ou may have heard the deafening buzz of rumors that a certain Cupertino-based computer maker is planning to unveil a world-conquering new gadget on January 27th. But few people are aware that speculation about the Apple tablet — much of it, of course, wildly inaccurate — began eight years ago and has been building ever since:
Sept. 2002: When a reporter from the International Herald Tribune asks Apple CEO Steve Jobs if Apple plans to make a tablet computer, Jobs blurts out: "Do you want to handwrite all your e-mail? We have all the technology...we just don't know whether it will be successful."
Jan. 2003: eWeek's Matthew Rothenberg soberly reports that Apple plans to introduce "a device that superficially resembles a large iPod with an 8-inch diagonal screen" before the end of 2003.
Jan. 2003: "Apple has all the pieces in place to deliver a tablet-like computer [at the 2003 MacWorld conference]", teases CNET. Among those "pieces": Apple's proprietary Inkwell handwriting technology, first used in the (failed) Newton PDA.
Apr. 2003: The mythical tablet grows in size. According to a sketchy report in DigiTimes, Apple plans to start shipping a 15-inch "tablet PC-like device" — with a "a detachable keyboard" — in the first quarter of 2004.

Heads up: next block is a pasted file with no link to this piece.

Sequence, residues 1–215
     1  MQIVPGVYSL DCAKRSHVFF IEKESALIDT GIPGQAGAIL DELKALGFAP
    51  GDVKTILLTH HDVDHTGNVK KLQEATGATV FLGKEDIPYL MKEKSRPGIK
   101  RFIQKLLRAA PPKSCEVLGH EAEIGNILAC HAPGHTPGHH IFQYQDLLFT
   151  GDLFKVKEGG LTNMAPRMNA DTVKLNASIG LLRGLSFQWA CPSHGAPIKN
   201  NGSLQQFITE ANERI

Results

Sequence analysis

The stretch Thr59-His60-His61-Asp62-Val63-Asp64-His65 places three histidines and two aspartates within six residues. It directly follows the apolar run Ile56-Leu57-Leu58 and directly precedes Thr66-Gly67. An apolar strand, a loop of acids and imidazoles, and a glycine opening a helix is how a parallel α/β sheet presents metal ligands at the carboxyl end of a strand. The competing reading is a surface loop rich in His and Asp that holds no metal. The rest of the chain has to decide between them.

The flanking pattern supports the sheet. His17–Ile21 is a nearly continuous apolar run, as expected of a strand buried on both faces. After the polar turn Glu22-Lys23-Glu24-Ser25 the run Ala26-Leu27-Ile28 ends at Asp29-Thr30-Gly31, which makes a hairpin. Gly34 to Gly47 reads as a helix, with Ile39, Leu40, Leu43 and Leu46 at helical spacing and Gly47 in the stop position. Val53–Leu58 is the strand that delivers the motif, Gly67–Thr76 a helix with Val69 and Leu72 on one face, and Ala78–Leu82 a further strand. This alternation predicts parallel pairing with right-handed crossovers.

Nov. 2003: The much-anticipated device takes on an aura of intimacy when tech guru Robert Cringley reveals that the Apple tablet will let a user "watch TV in his bathroom."
Aug. 2004: A dogged UK-based tech reporter discovers that Apple has filed for European trademark protection of "an iBook screen minus the body of the computer;" excitedly predicts that the long-awaited tablet will soon appear on the horizon.
May 2005: Rumors that the Apple tablet will be powered by Intel swarm their way across tech blogs.
Jan. 2006: A patent, seemingly filed by Apple, for a new variety of accelerometer — the technology that determines how iPhone screens display information — sparks new hypotheses worthy of Inspector Hercule Poirot.
Nov. 2006: Tech blogs circulate rumors that Apple has an "full working prototype" of the tablet "with plans for 2007 launch."
Sept. 2007: Bringing up unhappy memories for some consumers, Apple Insider calls the increasingly tardy Apple tablet the "return of the Newton"— modernized with a high-resolution screen 1.5 times larger than that of an iPhone.
Nov. 2007: A shadowy developmental partner enters the scene. According to CNET UK, computer-maker Asus "is helping Apple build a tablet PC." The site admits, however, that it's "tempted to ignore all Apple rumors because there are just so many of them."
Dec. 2007: The quixotic tablet shrinks again. Citing "several different sources," financial website Seeking Alpha claims the device's screen will now max out at a modest 5.2 inches. That said, it's a "touch screen" that consumers will be able to touch in only "6-8 months."
July 2008: On a conference call, heretofore cagey Apple executives mention that they are "very excited" about a new product line, stoking speculation that a tablet known as a "MacBook Touch" would hit stores that fall.